Procedure

Clinically pregnant (#)

Clinically pregnant (%)

Delivered (#)

Male born (#)

Male born (%)

Female born (#)

Female born (%)

Gradient

84

12.3

61

29

48

32

52

Swim Up

43

16.3

26

13

50

13

50

Total

127

13

87

42

48

45

52

Table 3 Comparison of clinical pregnancy rates and type of baby gender after gradient or swim up procedure

Discussion

Since many centuries the ability to choose the sex of one’s child has been desired by couples. Depending on the existing knowledge of the time, suggestions were made to preselect the baby gender. Aristotle advised sexual intercourse in Northern wind to get a boy and in Southern wind to get a girl. Millot proposed that it depends on the side, the female lies at the time of ejaculation: always a boy when she is on the right side and always a girl on the left side.9 In 1973, use of albumin gradients for separation of X- and Y- bearing spermatozoa by Ericson gained high popularity,4 however, conflicting results were obtained by other studies. Over the years, the knowledge evolved as new technologies became available. Before the advent of PGT, the most common laboratory procedures used for sperm separation were gradient filtration, swim up or swim down, albumin gradient filtration and sperm sorting by flow-cytometry followed by IUI or ICSI. However, based on the accuracy, only flow-cytometry and PGT are reliable methods.10 Due to relatively higher cost, the patients are still being advised to use density gradient or swim up followed by IUI. The purpose of this study was to investigate whether semen processing by density gradients or swim up procedure produce baby of desired gender.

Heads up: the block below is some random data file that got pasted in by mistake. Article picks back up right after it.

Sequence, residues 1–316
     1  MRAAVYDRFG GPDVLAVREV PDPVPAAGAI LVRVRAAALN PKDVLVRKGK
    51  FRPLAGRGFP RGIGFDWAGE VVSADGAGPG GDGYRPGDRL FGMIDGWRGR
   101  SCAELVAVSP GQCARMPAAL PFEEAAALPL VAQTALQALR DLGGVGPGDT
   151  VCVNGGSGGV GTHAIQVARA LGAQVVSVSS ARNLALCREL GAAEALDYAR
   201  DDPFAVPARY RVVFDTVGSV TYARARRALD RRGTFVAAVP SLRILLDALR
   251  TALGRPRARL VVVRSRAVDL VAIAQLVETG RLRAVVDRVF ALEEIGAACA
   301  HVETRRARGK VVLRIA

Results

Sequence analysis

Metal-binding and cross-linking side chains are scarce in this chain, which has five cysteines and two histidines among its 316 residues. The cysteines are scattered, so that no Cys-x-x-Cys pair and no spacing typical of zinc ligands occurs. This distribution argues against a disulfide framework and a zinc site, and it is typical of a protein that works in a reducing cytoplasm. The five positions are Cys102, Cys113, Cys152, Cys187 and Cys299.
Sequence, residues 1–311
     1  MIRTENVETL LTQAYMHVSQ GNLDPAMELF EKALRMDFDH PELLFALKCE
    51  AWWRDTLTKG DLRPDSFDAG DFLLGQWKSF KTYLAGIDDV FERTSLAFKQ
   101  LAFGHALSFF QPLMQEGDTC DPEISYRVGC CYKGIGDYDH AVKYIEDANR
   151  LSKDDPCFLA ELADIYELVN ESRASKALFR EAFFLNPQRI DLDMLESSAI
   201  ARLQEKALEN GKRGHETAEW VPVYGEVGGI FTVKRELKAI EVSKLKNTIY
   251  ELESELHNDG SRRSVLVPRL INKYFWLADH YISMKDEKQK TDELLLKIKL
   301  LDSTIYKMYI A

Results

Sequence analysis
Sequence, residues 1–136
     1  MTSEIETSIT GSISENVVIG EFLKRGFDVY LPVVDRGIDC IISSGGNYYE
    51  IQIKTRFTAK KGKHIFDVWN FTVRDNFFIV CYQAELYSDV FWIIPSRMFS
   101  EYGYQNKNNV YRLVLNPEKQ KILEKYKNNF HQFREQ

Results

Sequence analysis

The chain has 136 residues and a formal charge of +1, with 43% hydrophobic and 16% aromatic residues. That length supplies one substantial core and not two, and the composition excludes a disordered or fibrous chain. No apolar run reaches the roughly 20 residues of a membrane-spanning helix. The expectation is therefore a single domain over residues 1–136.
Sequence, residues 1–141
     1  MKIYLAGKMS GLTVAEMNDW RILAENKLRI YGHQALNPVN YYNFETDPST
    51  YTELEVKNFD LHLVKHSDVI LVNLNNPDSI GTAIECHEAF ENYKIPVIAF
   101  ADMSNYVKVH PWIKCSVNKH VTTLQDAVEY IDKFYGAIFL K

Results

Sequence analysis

Results of this study indicate that 40/80% gradients and swim up procedures failed to deviate child sex ratio from natural 50:50. To our knowledge, this is the first study comparing gender outcome of 945 IUI cycles when sperm were processed by gradients or swim up. The preconception or preimplantation sex selection by reliable procedure will help avoid abortion. The patients who wish to avoid abortion but who desire to select the sex of their offspring should consider either flow-cytometry for sperm separation or PGT for embryo sex selection. Although the accuracy of the flow-cytometry sperm separation is not 100 %, human sperm sorted by flow cytometry can significantly increase the likelihood that a child so conceived will be of a desired sex.11